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ASP.NET Support Voice Column

Log Parser 2.2 and ASP.NET

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Welcome to the ASP.NET Support Voice Column. My name is Rahul Soni, and I have been with Microsoft for about two years now. In this month's column, I will discuss some of the facts about Log Parser 2.2. Before we go into specific scenarios, let me take a moment to describe the Log Parser tool.


Log Parser is a very powerful, versatile tool that provides universal query access to text-based data, such as log files, XML files, and CSV files, as well as key data sources on the Microsoft Windows operating system, such as the event log, the registry, the file system, and the Active Directory directory service. Please
click here to download the tool. In this version, you can parse the following files very easily from the Log Parser tool:

IISW3C, NCSA, IIS, IISODBC, BIN, IISMSID, HTTPERR, URLSCAN, CSV, TSV, W3C, XML, EVT, ETW, NETMON, REG, ADS, TEXTLINE, TEXTWORD, FS and COM.I agree that the command-line interface is not very intuitive, and you will find it out as soon as you install and run the tool. But what the tool lacks in intuitive feeling is being patched up by the documentation provided for the tool. I'll give a small piece of advice here: Don't let the command-line interface put you off so soon. This tool is a must in a geek's toolkit and helps you a lot, especially if you want to troubleshoot from a performance perspective.

I am not going to discuss "how to" use the Log Parser tool because the documentation is quite good and the installation folder also contains a "Samples\Queries" folder that contains quite a few samples.

So, after I am done with my bit of promotion of the Log Parser tool, let me get back to the scenarios I was talking about.

Scenario 1: Parsing large text files for a specific text

A small background of the problem

Your customer experiences an "Access Denied" issue when they did something. You recommend that the customer use another brilliant tool that is named
Filemon and reproduce the issue. If it is an issue with resource ACLs, the Filemon tool will be able to catch the error. Now, you ask the customer to send you the saved Filemon log file. Here comes the unfortunate part. You get the file (say, Filemon.log) but find that the size is huge (Filemon does log a lot of data!). Notepad will appear to hang and will be painfully slow to find the "Access Denied" lines in the log file. Microsoft Office Excel will refuse to open the file completely. Now what?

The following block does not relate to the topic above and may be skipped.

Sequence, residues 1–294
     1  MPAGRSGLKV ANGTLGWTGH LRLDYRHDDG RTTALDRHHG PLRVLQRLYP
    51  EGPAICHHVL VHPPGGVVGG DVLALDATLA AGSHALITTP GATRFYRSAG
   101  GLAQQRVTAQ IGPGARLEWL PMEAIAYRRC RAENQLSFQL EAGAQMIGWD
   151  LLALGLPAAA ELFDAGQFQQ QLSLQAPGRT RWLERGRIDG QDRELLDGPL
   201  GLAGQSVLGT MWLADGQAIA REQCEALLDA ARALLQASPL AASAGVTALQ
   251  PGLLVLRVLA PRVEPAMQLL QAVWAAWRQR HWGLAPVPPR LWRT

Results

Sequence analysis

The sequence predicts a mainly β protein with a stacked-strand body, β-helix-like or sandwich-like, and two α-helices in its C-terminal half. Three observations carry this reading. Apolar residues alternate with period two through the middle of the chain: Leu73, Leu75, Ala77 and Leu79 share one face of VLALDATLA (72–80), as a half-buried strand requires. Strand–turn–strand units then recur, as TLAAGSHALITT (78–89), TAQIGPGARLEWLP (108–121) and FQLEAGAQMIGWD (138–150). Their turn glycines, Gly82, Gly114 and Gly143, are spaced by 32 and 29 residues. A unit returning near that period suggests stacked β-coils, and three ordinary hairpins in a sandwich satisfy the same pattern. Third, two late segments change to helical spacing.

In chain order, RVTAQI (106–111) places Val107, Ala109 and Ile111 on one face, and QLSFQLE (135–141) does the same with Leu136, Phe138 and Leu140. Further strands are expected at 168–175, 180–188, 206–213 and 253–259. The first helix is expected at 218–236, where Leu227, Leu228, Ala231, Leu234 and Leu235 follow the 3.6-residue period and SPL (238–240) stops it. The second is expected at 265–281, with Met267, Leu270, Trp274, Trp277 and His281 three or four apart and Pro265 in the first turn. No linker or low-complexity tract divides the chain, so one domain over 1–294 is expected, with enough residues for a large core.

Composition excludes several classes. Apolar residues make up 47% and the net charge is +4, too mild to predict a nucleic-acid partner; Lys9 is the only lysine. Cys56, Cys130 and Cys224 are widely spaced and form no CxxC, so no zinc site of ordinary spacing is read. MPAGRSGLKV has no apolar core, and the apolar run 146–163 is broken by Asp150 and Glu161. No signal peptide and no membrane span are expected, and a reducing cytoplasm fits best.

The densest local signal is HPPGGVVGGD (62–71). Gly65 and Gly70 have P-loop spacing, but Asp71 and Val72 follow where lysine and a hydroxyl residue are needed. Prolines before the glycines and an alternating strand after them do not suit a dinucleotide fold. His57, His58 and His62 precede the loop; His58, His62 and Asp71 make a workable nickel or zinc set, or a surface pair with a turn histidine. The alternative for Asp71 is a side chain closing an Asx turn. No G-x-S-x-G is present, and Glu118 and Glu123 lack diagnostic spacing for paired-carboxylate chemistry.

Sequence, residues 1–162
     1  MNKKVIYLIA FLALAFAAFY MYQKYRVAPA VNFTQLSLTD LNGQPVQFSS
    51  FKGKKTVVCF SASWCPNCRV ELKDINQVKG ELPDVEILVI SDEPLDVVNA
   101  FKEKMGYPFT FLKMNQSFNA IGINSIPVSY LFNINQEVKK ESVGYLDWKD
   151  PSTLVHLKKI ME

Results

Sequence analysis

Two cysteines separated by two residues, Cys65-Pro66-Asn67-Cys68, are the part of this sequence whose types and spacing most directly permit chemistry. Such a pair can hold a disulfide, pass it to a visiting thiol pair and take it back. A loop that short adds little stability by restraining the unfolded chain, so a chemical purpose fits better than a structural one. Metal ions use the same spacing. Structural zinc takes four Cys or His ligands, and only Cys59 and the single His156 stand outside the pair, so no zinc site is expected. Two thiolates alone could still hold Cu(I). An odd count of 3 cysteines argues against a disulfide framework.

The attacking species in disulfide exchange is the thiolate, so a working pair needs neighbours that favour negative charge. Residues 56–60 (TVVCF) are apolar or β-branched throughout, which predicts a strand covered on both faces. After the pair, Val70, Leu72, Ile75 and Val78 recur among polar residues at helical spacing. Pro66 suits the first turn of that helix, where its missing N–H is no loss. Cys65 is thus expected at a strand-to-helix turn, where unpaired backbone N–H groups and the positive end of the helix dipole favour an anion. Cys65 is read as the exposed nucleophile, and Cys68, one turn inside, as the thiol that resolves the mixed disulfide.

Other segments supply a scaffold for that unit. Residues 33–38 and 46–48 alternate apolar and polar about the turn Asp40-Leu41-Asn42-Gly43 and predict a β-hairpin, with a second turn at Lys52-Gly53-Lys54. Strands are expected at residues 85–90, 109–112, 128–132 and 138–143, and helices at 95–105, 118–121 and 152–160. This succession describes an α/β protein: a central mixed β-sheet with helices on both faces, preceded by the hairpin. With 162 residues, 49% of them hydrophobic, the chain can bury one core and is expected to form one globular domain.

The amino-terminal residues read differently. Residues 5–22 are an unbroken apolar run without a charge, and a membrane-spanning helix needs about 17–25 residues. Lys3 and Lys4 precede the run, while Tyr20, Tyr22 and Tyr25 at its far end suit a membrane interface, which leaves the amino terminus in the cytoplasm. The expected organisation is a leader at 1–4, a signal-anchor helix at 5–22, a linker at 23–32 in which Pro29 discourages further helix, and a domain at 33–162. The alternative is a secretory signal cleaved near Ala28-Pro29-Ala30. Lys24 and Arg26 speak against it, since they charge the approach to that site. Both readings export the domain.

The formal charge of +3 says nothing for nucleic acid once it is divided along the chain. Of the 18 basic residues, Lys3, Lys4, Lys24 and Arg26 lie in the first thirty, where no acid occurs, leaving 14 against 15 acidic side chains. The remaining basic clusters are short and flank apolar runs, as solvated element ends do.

Answer: Open the Log Parser command window, and use the following command:

LOGPARSER "Select Text from C:\Filemon.log where Text like '%Access Denied%'" -i:TEXTLINE -q:OffWhat we are telling the Log Parser tool is to parse through each line (Text) from the given file (C:\Filemon.log) where the line contains 'Access Denied'. The -i:TEXTLINE command-line switch specifies the input format, and the -q:Off command-line switch tells it to be verbose (-q[:ON|OFF]:quiet mode;). If you turn the -q command-line switch on, the statistics shown and the field name (Text) in the output below will be absent.

Sample output

Text7447 1:49:24 PM explorer.exe:1200 DIRECTORY C:\ Access Denied StatisticsElements processed: 640444
Elements output: 1
Execution time: 12.75 seconds

How to avoid pressing ENTER multiple times if the number of records returned by your query is larger than 10?

Answer: Use the -rtp:-1 parameter in your queries!

This will be a necessary parameter in case you want to redirect the output into a file. Also, when you write to STDOUT, output records are displayed in batches made up of a number of rows equal to the value specified for this parameter. Once a batch of rows has been displayed, it will prompt the user to press a key to display the next batch of rows. Specifying "-1" for this parameter disables batching altogether!

Using query files

Another way to achieve the same results in a cleaner way is to create a query file. This way, you can easily tweak your query file and run it from the Log Parser tool's command line. Apart from that, you can easily create a GUI according to your taste. The GUI loads the saved SQL query and runs the query by using the Log Parser tool.

If you want to achieve the same effect (as in Scenario 1) from SQL queries, you can provide the following command:

LOGPARSER -i:TEXTLINE file:C:\LPQ\SearchAnyTextfile.sql -q:offC:\LPQ\SearchAnyTextFile.sql contains the following information:

Note Create a folder LPQ in your C:\ folder to use the samples shown in this column.

Select Text as LineFromFile
FROM C:\Filemon.log 
LIKE '%Access Denied%'

If you notice, the query looks much cleaner now and makes more sense. This way, you can create more complex and larger queries as well, and everything will fit on your command line because you are using the .SQL file instead of the whole query. It is not possible to fit more than 260 characters on the command line anyways!

Keeping the benefits of using query files, I will use this method in the following scenarios. I have all my queries saved in C:\LPQ with a .sql extension (you can use your own).

Scenario 2: Finding the 10 largest files from a specific folder, including its subfolders

A small background of the problem

You have a folder, and there are quite a few subfolders and files in it. You want to find out the top 10 largest files in that folder, including its subfolders.

I know, for a specific folder, you can simply change the view (on the View menu, click Details) in Windows Explorer and sort the view by size. But the problem here is that you need to account for the subfolder's contents as well.

Answer: Open the Log Parser tool command window, and use the following command:

LOGPARSER -i:FS file:C:\LPQ\Top10Files.sql -q:off -Recurse:-1Top10Files.sql contains the following:

FROM 'C:\Program Files\Microsoft Office\*.*' 

Here -i:FS signifies that we are querying the file system. You can view the complete list of FS input format fields in the documentation and frame your query accordingly.